LA-MAC lists sender nodes to wake up depending on the priority order of their corresponding receiver nodes wakeup time. LA-MAC also decreases the delay by allowing senders nodes to transmit more than one frame to their receiver. However, the X-MAC allows only two senders to send their data frames in one cycle when the destination node is the same receiver.

LA-MAC does not provide any mechanism on how it will work under overloaded WSNs to monitor collision.

There is another category of MAC protocols recently used for WSNs known as Quorum-system-based MAC protocols. QTSAC [21] MAC protocol is introduced for minimizing the latency and energy consumptions in WSNs. QTSAC is different from earlier Quorum based MAC protocols using two advanced features. First, it used more QTSs (Quorum time slots) for the nodes far from the sink node; second, QTSs are allocated only, when data is transmitted. However, using more number of QTSs will increase energy consumptions.

All these extensions of X-MAC protocol are proposed for wireless sensor networks. Still, our local coordination MAC with BEB and LCX-MAC not only is suitable for WSNs but also covers IoT healthcare solutions in which the data are very critical and time-sensitive.

For securing end-to-end communication between the source and destination nodes in WSNs, different approaches are used to identify the malicious nodes in the network. Security Disjoint Routing-Based Verified Message (SDRVM) [22] is proposed with different features. The first two sets are created based on remaining energy of a node, a data and v-message set and the second is based on the remaining energy; the node records the ID in the data packet with a specific probability. Third, the duty cycle of a node is adjusted and the energy of the node is divided into three levels. In a dataset, the duty cycle of the node is the longest and the node not in any dataset is the shortest duty cycle. Fourth, if a node has sufficient energy, then data is transmitted several times, and the v-message which is stored in the node is transmitted to the final destination node. However, using these different schemas will increase the energy consumptions of nodes.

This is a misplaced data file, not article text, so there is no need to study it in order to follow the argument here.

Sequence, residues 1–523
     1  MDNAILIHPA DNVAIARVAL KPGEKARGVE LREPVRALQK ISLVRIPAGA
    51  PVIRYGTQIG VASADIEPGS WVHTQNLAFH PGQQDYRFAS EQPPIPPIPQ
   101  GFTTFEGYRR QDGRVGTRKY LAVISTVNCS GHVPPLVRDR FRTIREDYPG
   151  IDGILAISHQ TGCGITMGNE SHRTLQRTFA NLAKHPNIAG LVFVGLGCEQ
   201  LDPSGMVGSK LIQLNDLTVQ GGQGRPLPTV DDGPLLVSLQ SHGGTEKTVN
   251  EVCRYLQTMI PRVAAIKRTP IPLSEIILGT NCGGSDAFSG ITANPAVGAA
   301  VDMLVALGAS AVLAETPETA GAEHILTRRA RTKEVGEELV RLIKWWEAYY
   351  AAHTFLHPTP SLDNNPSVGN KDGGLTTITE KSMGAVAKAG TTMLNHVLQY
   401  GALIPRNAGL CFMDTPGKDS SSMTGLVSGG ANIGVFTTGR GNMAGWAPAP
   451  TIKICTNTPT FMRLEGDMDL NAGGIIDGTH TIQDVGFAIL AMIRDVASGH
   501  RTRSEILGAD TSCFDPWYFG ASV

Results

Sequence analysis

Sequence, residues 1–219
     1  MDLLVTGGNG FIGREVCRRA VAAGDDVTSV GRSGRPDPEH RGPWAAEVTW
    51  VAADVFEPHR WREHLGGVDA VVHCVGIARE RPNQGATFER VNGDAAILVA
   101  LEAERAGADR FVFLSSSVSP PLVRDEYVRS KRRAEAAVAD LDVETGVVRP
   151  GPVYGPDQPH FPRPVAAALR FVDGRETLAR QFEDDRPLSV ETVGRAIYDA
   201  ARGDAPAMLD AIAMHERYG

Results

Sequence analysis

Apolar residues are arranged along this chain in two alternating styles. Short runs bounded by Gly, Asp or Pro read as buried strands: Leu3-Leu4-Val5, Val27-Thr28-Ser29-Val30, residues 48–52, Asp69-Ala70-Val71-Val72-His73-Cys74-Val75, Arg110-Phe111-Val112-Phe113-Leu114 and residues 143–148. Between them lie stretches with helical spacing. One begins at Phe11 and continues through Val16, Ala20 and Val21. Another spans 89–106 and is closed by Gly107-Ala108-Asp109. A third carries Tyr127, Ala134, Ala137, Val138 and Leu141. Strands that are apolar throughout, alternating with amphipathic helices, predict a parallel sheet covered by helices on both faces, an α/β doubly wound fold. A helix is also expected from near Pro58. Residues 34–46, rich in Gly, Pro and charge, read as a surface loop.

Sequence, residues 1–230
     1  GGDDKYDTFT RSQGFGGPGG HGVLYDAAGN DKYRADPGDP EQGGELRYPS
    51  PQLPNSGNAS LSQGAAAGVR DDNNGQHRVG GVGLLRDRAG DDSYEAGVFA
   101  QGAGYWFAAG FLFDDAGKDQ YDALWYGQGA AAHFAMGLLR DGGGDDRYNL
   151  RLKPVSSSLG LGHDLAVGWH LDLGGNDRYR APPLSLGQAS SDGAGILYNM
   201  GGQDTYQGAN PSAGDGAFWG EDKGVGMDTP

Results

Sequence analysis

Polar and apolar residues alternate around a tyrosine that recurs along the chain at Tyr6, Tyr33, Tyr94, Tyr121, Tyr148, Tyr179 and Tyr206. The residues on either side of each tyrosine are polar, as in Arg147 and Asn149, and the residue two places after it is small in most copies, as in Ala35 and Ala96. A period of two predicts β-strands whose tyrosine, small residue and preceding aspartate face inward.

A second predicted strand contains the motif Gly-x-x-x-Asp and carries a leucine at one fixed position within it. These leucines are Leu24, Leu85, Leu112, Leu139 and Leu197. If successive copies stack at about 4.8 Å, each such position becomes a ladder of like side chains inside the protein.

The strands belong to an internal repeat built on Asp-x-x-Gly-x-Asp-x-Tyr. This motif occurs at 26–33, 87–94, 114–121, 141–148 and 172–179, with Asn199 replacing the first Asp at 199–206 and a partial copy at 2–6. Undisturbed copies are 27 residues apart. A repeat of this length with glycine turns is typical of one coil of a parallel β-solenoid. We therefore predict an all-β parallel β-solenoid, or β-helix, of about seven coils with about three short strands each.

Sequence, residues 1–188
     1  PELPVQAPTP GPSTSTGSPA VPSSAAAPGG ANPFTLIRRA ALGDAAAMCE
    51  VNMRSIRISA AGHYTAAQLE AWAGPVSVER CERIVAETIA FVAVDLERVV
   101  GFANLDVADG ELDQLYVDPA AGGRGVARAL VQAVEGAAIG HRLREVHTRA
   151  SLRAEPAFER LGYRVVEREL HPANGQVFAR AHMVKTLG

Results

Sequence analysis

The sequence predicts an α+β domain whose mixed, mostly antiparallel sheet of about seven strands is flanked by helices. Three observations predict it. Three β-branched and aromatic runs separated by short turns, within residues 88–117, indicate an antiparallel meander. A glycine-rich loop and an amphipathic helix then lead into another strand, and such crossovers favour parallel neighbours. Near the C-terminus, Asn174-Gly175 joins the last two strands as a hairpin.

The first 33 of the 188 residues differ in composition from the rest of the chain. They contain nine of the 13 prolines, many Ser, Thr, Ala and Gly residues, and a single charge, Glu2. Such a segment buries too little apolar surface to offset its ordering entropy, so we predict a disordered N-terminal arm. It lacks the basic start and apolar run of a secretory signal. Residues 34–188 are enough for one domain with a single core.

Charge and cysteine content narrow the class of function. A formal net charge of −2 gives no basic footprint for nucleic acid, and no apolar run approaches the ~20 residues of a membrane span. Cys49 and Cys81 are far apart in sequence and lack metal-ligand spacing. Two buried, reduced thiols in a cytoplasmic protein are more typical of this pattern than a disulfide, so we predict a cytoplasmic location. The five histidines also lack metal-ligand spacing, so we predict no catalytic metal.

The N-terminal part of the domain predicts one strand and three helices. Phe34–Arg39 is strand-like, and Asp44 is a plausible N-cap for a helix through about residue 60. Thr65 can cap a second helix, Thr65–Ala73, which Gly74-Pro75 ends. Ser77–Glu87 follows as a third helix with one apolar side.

3. LCX-MAC (Local Coordination X-MAC)

Figure 1 presents the flow chart of the LCX-MAC algorithm of the sender node. When a sender node wakes up and has some data to send, the node executes preamble backoff by randomly drawing an integer number i from the minimum CW (contention window) of (0, ) and holds the transmission by i number time slots.

After counting to zero of the backoff timer and clear channel assessment (CCA), when the medium is free, then the sender starts transmitting short preambles and waits to receive ACK at the end of each preamble. When the medium is free, then the sender starts transmitting short preambles and waits to receive ACK at the end of each preamble. Once the sender node got ACK, it sends one data frame and goes to sleep mode. If the sender node does not get an ACK for the whole time period due to the collision, the backoff counter k increments. LCX-MAC tries to retransmit at the next cycle until either k reaches a predetermined maximum or the transmission succeeds. When the sender node receives early ACK, so the receiver node sends its wakeup time to its corresponding sender node. The sender node adjusts its wakeup time according to its receiver node. At the end of the successful transmission, k decremented, unless k = 0.